Yellow River Jishi Gorge
A view of the Yellow river near the Jishi Gorge in Qinghai province, China in this undated handout photo. Reuters/Wu Qinglong/Science

An international team of scientists has revealed that the 4,000-year-old legend that the Chinese civilisation formed after a great flood may well be true. According to the legend, emperor Yu the Great successfully controlled the flood, laying the foundation for Chinese civilisation today. Up to now, there was no evidence to suggest that such a flood ever happened in the Yellow River basin.

However, the new study suggests that the researchers have solid evidence to back the legend and at around 1920 BCE, an earthquake burst the banks of the Yellow River. Although a lot of work still needs to be done to find evidence of Yu’s Xia dynasty that occurred several centuries earlier, the findings does match with the region’s transition from the Neolithic to the Bronze Age.

Legend has it that the floods continued for two generations until emperor Yu found out a way to channel the river and bring it under control. The team of researchers used sediment testing and remains of children who died in an earthquake nearby to understand how the earthquake caused a landslide that initially blocked the Yellow River in Jishi Gorge. The study has been published in the journal Science.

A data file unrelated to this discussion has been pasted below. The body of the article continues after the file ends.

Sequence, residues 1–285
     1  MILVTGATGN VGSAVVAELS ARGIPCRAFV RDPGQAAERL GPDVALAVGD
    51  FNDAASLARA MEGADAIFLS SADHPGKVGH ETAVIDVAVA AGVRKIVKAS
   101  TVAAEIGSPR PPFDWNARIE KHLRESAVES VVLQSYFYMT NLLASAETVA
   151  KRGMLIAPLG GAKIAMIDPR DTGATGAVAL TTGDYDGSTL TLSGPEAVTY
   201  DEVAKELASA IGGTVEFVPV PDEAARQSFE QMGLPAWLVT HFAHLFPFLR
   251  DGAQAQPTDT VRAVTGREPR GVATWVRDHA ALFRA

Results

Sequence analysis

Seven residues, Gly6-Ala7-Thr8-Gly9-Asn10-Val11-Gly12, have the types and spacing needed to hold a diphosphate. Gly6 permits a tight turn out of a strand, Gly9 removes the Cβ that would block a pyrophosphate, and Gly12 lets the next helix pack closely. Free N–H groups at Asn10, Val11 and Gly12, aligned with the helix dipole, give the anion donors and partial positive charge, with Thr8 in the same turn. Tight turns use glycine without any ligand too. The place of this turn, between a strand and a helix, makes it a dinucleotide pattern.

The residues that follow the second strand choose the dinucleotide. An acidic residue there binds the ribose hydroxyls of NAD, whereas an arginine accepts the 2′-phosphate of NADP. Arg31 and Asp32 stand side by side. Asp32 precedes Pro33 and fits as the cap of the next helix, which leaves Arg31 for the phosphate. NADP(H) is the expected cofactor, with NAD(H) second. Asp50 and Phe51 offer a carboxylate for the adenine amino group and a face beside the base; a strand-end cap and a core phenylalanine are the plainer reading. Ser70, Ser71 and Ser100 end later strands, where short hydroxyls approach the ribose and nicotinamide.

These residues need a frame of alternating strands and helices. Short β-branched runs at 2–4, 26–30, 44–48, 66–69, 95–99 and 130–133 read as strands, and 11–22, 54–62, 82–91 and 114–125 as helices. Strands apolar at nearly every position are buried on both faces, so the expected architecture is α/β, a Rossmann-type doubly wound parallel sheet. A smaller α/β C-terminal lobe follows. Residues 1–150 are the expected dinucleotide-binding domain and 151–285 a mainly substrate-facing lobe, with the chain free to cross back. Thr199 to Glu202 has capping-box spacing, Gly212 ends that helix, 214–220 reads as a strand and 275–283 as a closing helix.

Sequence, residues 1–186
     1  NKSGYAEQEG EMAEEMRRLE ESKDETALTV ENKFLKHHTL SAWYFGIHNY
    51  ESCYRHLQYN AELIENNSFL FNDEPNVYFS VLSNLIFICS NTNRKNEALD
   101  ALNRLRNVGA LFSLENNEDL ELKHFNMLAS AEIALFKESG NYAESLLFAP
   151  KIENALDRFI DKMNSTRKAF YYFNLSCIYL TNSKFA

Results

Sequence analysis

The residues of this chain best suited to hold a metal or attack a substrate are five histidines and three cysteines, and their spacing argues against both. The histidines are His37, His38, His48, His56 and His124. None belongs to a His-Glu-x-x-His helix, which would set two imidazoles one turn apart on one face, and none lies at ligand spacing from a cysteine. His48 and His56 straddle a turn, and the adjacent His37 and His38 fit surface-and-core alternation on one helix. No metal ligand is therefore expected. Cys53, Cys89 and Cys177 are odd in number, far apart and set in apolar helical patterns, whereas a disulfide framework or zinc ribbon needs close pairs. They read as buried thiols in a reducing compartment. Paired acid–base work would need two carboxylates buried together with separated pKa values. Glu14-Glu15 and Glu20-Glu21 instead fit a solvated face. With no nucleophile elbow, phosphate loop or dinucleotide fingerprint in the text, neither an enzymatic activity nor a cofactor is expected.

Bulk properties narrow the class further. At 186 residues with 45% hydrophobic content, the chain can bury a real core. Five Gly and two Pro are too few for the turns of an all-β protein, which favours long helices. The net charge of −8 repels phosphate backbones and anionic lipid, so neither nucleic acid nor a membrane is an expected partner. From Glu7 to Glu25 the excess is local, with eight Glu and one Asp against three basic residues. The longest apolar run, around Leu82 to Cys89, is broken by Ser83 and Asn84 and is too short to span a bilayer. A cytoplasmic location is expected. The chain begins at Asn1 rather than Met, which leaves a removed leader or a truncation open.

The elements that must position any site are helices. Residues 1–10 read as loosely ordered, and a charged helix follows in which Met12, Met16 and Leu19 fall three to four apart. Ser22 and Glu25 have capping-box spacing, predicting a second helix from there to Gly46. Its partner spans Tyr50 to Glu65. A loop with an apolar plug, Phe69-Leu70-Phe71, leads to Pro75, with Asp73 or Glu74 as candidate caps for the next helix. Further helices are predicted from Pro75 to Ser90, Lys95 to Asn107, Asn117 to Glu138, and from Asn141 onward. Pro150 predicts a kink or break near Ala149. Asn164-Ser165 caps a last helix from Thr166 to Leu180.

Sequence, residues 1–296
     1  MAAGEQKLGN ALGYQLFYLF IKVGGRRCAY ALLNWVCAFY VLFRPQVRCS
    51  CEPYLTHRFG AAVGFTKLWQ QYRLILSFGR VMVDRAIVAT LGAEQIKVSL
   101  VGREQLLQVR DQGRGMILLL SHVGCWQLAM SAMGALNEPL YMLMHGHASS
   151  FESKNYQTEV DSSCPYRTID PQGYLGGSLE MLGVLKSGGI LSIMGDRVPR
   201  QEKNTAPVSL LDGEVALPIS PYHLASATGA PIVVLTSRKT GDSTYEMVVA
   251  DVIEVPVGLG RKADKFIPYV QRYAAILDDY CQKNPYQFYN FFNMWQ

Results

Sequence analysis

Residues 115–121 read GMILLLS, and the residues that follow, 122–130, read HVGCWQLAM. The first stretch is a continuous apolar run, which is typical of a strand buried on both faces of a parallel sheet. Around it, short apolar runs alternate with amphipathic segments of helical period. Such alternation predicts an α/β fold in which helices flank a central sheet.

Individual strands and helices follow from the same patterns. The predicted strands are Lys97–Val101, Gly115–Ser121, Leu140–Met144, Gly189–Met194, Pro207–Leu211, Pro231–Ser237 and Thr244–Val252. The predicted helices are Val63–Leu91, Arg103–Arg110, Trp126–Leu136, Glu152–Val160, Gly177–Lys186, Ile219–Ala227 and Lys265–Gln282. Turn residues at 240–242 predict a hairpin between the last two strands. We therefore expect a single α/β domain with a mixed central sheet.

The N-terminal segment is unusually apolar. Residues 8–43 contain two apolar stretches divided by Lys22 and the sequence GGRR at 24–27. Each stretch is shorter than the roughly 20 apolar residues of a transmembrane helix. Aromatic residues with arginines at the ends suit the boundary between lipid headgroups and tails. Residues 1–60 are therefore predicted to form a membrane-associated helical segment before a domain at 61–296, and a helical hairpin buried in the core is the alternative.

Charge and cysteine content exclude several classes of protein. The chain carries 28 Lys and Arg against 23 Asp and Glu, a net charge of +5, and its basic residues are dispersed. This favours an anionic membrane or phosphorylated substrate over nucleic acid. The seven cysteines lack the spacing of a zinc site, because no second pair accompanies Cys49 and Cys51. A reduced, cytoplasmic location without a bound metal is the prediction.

“It's a thought-provoking piece of work. They've done a great job showing that there was a major, catastrophic flood,” Tristram Kidder, an archaeologist at Washington University in St. Louis in Missouri, who works on several sites on the lower Yellow River, told Science.

If the findings hold up, they may support to early historical texts and may even resolve a long-standing debate over the origins of the Chinese civilisation. The new findings are however at odds with recent studies that have proposed other explanations for both the Lajia sediment and Jishi Gorge deposits. The study needs more supporting evidence for its claims regarding the Xia dynasty and the great flood.